This point may be confusing, so I’ll give an example. I’ve spent the last two years learning Chinese characters, with around half of them having been learned during my stay in China. According to Anki, I’ve learned roughly 2500 characters, and with a successful recall percentage of 85%, that means I probably “know” about 2100 of them.
However, in all of these cases, what I “know” is being able to correctly state the pronunciation and meaning of a character, given its image as a prompt. This is a skill very useful for reading and writing characters using alphabetic input.
I have learned how to handwrite some characters, but it is far less than 2100. If being able to successfully recall and handwrite a character counts as “knowing” it, I would guess I only “know” around 100 characters.
So which is it? Am I able to recall 100 characters or 2100?
It simply doesn’t make sense to talk about what information you can recall without also including the prompt. In this case, I can recall 2100 characters’ meaning and pronunciation, given the image, but I can only recall how to produce the image given the definition in a small fraction of those cases.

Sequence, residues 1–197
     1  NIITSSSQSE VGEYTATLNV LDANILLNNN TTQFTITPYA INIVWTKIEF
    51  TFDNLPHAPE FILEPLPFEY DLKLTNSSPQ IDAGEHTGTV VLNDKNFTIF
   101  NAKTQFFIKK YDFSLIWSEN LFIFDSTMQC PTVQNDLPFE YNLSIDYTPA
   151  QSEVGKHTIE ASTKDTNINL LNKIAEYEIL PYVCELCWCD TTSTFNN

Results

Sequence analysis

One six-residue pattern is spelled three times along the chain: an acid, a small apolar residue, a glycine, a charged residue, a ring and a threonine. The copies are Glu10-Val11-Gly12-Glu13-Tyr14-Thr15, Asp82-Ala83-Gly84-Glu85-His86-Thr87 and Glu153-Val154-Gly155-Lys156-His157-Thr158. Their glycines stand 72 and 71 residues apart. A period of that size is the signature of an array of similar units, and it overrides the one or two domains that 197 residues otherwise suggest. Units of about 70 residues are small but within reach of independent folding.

The same is true of learning other foreign vocabulary words. Often it is possible to recall the meaning of a foreign word, but not be able to produce the word, given the meaning. Saying that I only “recognize” the word in one case but “recall” it in another is incorrect. It’s more accurate to say that I am able to recall the meaning, given the word, but not recall the word given the meaning.
For information to be truly unrecallable, there would be no prompts that could bring the information up. However, as a practical measure, I’ll call information unrecallable if the only prompts that can bring the information up contain so much of the original information that they aren’t going to be useful in practice (for example, showing 95% of the image of a Chinese character isn’t a useful prompt for “recalling” the remaining 5%).